The Walk

The first walk was hard. There was snow on the ground, my boots weren’t insulated, I wasn’t sure how far we had gone, and my nose was running (which was more than I could say for the rest of me). The second walk was a little better; I had better boots, a Fitbit, and a bottle of water. The first walk was made with uneasy chatter, as my almost-friend and I tried to come up with something to talk about. The second walk was filled with free discussion about nonsense and perhaps a little gossip about people that we both knew. By the end of the first week we had gone walking three times, and I considered her a friend.

The first walk was hard. The cold air stung my lungs and I imagined that I could taste blood every time that I exhaled. My legs burned, and I had to force myself to speak normally so that my almost-friend wouldn’t see that I was so terribly out of shape. By the end of the month I was able to draw in deep lungfuls of air, but I didn’t really need to do so. We started going further in our walks…our original path wasn’t as challenging as it had once been.

By the time summer rolled around, we had doubled our walking distance and halved our time. We no longer rewarded ourselves with Burger King and soda when we were finished with our walk, but rather sat on the porch and snacked on fruit and filled up on water. The thought of wasting all of that work on a single doughnut was unbearable,  and we started choosing a salad instead of a burger. I felt good. The pounds weren’t falling off like I had envisioned, but my energy level was unbelievable, and my confidence was growing constantly.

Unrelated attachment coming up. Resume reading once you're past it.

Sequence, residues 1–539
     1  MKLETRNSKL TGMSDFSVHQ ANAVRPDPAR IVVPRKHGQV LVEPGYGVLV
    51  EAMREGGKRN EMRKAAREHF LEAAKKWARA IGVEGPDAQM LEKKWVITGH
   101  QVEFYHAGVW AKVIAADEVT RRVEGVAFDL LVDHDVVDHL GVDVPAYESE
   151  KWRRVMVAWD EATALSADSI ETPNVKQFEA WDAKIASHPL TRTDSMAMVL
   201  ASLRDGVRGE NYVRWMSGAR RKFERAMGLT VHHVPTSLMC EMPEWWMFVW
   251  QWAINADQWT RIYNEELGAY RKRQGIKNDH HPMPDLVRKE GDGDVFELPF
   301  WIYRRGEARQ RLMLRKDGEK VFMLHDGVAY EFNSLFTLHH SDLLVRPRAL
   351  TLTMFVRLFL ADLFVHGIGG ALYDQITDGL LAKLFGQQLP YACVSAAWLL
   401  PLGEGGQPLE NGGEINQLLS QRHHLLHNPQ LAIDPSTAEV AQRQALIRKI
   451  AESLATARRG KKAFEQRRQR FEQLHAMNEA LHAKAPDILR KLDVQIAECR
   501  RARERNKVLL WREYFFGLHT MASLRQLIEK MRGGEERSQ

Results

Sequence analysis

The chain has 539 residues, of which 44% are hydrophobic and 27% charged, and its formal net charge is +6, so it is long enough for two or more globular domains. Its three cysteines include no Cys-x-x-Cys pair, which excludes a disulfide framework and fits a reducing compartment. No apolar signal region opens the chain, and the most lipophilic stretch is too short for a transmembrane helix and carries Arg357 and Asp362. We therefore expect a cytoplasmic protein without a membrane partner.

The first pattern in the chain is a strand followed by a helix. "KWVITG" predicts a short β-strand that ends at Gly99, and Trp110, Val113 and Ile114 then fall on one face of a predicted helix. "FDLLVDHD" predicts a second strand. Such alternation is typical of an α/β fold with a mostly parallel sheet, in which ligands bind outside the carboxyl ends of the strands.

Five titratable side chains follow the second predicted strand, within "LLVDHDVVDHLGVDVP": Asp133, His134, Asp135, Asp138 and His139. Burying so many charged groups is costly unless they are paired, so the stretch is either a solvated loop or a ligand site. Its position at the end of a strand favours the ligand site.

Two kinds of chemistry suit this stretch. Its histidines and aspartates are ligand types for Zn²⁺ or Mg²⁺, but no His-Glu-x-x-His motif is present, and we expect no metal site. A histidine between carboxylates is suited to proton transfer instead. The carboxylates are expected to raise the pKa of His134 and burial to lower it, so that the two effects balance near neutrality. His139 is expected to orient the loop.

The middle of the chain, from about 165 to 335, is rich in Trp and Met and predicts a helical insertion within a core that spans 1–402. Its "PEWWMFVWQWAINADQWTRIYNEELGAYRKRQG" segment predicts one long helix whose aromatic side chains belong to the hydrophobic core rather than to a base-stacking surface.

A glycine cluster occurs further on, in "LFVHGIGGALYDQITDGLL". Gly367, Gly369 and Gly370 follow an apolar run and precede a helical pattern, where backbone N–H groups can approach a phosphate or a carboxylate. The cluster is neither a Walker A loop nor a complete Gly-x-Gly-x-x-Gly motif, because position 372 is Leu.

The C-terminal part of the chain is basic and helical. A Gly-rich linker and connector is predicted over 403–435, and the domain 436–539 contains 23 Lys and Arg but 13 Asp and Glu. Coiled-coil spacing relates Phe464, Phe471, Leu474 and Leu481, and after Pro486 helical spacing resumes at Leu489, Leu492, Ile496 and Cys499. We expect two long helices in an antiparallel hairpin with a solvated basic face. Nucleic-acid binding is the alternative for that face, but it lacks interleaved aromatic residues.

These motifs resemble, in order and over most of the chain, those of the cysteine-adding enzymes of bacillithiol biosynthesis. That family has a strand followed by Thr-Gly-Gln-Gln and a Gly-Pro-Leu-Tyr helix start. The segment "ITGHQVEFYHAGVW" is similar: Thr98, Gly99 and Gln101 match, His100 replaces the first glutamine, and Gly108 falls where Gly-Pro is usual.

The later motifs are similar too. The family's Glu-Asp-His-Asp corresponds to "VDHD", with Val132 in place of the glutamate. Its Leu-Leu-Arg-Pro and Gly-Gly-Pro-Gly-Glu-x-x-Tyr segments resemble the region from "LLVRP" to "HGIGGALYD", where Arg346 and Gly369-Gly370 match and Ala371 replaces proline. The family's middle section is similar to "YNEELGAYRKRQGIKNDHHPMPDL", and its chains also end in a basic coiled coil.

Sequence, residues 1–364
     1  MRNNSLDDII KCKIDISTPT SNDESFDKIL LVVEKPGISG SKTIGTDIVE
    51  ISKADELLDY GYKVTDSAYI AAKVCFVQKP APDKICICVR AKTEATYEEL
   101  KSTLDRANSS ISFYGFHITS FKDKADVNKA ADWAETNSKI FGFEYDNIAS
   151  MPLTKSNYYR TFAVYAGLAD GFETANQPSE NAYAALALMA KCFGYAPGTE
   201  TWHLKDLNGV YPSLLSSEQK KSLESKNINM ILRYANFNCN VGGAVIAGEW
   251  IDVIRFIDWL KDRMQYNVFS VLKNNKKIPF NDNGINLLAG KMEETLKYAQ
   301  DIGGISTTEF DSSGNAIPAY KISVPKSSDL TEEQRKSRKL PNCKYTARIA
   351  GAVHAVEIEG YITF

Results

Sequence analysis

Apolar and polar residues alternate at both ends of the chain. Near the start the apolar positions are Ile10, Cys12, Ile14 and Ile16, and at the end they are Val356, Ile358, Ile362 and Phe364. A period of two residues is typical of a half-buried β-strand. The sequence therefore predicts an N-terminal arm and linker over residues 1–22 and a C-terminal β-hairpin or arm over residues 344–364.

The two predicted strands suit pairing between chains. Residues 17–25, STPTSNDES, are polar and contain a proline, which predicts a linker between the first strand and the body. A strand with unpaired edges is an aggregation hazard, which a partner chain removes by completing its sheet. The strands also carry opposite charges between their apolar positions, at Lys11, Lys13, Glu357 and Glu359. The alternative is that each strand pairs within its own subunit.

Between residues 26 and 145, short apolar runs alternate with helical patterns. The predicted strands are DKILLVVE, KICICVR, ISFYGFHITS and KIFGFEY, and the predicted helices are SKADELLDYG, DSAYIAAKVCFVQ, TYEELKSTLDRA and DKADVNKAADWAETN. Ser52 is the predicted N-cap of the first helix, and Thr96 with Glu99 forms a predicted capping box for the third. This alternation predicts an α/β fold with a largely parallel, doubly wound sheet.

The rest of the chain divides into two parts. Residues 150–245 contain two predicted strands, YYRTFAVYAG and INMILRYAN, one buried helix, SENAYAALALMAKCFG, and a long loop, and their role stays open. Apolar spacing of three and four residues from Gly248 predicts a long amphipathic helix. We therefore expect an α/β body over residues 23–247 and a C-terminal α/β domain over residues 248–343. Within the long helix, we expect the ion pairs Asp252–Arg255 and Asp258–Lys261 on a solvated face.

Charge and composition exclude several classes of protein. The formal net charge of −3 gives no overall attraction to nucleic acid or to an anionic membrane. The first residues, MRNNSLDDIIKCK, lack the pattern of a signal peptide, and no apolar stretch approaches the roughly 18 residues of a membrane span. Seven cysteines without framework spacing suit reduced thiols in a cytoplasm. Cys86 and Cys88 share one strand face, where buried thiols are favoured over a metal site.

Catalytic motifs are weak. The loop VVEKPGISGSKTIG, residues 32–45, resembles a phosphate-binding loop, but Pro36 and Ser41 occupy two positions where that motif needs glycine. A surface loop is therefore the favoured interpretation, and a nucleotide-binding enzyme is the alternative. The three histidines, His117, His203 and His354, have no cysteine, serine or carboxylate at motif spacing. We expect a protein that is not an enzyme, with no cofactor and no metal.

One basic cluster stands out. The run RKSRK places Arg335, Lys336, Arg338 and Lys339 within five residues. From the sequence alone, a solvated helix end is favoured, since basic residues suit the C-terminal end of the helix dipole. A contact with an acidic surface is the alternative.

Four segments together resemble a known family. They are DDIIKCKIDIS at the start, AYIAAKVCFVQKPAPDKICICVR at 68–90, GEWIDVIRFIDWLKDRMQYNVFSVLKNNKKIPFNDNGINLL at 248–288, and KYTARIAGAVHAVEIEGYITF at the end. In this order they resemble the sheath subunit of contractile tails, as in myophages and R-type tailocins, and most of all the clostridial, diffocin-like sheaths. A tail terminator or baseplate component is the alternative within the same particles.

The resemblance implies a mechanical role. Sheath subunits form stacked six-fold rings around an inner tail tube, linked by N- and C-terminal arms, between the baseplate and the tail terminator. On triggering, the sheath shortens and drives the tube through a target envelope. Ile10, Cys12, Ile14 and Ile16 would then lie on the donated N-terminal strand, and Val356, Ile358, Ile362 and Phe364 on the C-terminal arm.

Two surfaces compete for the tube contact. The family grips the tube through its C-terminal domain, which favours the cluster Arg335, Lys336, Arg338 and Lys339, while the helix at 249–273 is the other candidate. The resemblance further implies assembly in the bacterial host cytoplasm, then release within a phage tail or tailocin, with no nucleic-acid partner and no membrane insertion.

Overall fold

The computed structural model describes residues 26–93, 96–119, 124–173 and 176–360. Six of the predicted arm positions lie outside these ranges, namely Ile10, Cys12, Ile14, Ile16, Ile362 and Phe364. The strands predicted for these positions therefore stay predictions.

The last walk was the hardest. My walking partner was moving…far, far away. Our almost-friendship had deepened, and she was now my best friend. Over the 14 months that we had walked together, we had shared more laughs and tears than I would have thought imaginable. At the end of the walk, we hugged, and I bid her goodbye.

The first walk was hard. It was hot, and  I finished my water by the time we made it back to the cars. My new co-worker hadn’t been with me from the beginning, so we halved our distance and doubled our time. I didn’t mind though. The slower pace made it much easier to get to know her.


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